The worlds that the Shanghai Restoration Project create are unfailingly sublime. Soothing, the group intrigue with their intricacies rather than overwhelm. Over the last 15 years, the duo have moved from Shanghai’s streets as reimagined on their 1930s jazz-influenced eponymous debut both upward and outward, exploring mythology and nostalgia in past, present, and future. Last year’s Flashbacks in a Crystal Ball saw them play with this sense of temporality in new ways, looking back but making music firmly rooted in newness. Now, as the inside world becomes a more integral part of the day-to-day human existence than ever before, they return with Brave New World Symphony.
Brave New World Symphony begins solemnly, electronic signals floating through the vastness of space over a legato backing drone and eerie rolling winds on “R0”, a track that blurs melancholy and serenity in smooth liminal space. The composition picks up speed on “Involuntary Prophet”, which takes on more moving parts as it goes on. Spaced-out electronics build into thicker and more concrete patterns, finally leading into flurries of bright, terrestrial keys: the distinct feeling that something alien has landed on the surface of our bustling planet.
In Shanghai Restoration Project’s hands, the planet in question is a place well worth exploring, especially in the midst of overwhelming change. The album’s first buoyant vocals on “Present Continuous” look inward at pandemic life with a spirit of curiosity as they describe a world that is, if not obviously brave, undoubtedly new. “Faces gathered on screen / With a slight delay / All month, same pair of pants / And no more need for shoes.” It’s a typically quirky examination from the duo that explicitly places us in a space and time we know well.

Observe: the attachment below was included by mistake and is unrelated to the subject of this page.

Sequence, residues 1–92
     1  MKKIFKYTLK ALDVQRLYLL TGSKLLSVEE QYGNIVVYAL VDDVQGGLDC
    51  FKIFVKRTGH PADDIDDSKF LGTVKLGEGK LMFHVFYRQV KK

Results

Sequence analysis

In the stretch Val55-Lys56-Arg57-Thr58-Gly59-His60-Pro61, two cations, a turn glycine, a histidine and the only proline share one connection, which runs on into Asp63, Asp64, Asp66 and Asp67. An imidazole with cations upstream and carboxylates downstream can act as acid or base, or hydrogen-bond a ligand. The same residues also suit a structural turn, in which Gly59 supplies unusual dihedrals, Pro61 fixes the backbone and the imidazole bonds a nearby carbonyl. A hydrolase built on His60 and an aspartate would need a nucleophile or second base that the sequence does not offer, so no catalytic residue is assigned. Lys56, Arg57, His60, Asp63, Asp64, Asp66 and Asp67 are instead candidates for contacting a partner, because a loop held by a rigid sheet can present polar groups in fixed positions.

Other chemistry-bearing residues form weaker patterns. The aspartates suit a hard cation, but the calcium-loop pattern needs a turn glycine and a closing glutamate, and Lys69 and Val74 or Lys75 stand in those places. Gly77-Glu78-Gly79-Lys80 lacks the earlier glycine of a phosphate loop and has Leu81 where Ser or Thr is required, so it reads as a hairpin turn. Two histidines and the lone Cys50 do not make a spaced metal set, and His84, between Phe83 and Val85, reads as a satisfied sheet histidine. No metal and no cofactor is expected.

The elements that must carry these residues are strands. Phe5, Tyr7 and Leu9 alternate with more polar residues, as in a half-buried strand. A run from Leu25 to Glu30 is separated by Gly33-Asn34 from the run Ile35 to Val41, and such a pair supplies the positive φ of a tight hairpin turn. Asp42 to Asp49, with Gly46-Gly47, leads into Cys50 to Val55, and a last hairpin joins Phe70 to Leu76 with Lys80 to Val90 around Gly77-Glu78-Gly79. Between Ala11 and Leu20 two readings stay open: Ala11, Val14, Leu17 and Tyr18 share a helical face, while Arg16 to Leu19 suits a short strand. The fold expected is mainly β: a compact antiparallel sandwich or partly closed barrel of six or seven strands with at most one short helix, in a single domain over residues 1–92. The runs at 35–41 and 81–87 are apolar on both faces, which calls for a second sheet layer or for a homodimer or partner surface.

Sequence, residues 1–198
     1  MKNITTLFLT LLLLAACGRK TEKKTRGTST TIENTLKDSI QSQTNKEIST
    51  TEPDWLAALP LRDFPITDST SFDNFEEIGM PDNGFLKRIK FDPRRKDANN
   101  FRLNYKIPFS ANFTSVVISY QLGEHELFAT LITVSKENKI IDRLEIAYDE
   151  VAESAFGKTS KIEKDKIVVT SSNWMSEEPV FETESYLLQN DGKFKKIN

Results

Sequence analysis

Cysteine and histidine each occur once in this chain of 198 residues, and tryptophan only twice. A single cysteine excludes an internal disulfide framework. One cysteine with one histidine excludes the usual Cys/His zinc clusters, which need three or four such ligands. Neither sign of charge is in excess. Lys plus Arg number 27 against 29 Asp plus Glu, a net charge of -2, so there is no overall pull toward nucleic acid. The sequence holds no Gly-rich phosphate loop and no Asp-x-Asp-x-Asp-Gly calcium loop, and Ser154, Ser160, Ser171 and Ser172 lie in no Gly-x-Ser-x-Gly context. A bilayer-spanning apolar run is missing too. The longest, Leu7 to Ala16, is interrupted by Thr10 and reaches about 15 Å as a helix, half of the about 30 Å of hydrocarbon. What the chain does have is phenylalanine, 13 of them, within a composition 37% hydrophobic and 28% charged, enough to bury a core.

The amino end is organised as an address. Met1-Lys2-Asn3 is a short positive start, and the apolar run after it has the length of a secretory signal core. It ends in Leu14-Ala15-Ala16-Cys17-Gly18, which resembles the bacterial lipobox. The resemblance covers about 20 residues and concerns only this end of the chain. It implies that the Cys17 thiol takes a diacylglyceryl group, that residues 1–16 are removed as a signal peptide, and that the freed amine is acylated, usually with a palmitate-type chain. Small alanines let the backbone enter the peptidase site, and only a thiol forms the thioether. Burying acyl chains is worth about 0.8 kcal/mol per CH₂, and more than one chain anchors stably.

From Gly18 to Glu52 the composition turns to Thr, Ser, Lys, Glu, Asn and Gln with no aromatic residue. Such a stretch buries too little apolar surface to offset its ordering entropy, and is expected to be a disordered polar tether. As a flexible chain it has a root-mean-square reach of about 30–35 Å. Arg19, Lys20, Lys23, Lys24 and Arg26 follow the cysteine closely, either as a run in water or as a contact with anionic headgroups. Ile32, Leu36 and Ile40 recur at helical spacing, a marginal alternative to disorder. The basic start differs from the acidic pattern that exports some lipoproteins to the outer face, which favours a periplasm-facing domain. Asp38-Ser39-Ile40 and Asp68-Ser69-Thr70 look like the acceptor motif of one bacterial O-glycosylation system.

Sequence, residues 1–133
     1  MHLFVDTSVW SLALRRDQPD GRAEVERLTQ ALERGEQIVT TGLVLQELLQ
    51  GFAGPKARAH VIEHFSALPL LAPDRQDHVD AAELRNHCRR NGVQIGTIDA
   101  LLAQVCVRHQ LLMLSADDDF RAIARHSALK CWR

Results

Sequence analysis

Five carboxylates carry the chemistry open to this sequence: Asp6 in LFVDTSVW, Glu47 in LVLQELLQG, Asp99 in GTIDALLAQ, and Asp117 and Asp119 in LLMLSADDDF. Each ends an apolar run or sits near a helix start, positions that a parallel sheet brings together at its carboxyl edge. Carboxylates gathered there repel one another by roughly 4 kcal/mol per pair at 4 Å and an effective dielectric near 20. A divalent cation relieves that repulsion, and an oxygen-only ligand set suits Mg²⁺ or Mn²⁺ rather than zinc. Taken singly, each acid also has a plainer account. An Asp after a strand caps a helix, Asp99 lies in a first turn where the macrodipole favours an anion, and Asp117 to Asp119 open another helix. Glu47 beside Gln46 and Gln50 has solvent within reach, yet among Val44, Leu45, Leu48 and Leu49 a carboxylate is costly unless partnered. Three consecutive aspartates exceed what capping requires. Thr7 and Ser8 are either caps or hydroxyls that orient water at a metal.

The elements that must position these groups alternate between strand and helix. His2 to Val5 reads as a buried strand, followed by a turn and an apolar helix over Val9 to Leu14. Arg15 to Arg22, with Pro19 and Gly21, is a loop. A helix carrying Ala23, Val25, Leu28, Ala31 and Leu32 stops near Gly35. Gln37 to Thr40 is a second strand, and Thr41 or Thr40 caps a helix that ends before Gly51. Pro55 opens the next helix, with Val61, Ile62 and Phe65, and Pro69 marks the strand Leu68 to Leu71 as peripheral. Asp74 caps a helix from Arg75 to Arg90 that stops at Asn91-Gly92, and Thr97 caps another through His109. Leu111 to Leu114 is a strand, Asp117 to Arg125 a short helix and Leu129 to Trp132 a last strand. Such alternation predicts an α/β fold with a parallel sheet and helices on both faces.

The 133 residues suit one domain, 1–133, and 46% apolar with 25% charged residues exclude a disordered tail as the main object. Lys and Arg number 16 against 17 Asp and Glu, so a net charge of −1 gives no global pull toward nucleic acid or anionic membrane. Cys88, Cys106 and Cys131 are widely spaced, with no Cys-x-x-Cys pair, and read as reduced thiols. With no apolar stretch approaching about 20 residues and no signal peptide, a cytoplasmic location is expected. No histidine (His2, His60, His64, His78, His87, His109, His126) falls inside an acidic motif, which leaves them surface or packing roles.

The rest of the album sees the Project world-building on a smaller scale than usual, but one no less touched by a sense of wonder as the duo responds to a world in upheaval with complex effect. “Quest for the Silver Bullet” shimmers with urgency beneath sedate overtones; “Hart Island Hymn” is a gentle, wordless elegy in apparent commemoration of the bodies buried on the titular island floating just outside the Bronx, including the unclaimed, the unknown, and victims of pandemics and epidemics throughout time.
Warmth permeates lively “Balcony Garden”, with synths as lush as its name implies. “Positive Disintegration” carries the heat of social change, celebrating the results of struggle and breakdowns of unequal systems. The pulsing beats of “Night Odyssey” hearken back to the group’s early work in reimagining and remixing nostalgic visions of early 20th century Shanghai, bringing to those earlier conceptions the refinement they have developed since that first eponymous album. It fits perfectly into the album’s overarching story, a breath of refreshing pop air, a reverie of self-care and sweetness. The final track, “Zoom Christmas”, features a chorus of wordless vocables and eccentric synth sounds, a slowed down celebration with an edge of longing: an end to the year and the album.
Imagination has always been the Shanghai Restoration Project’s beating heart, and it has perhaps never been more timely than on Brave New World Symphony. Through this collection of carefully constructed melodies, the Project once again offer us an innovative alternate reality just close enough to bask in for a while, well-crafted electronic comfort for an increasingly digital age.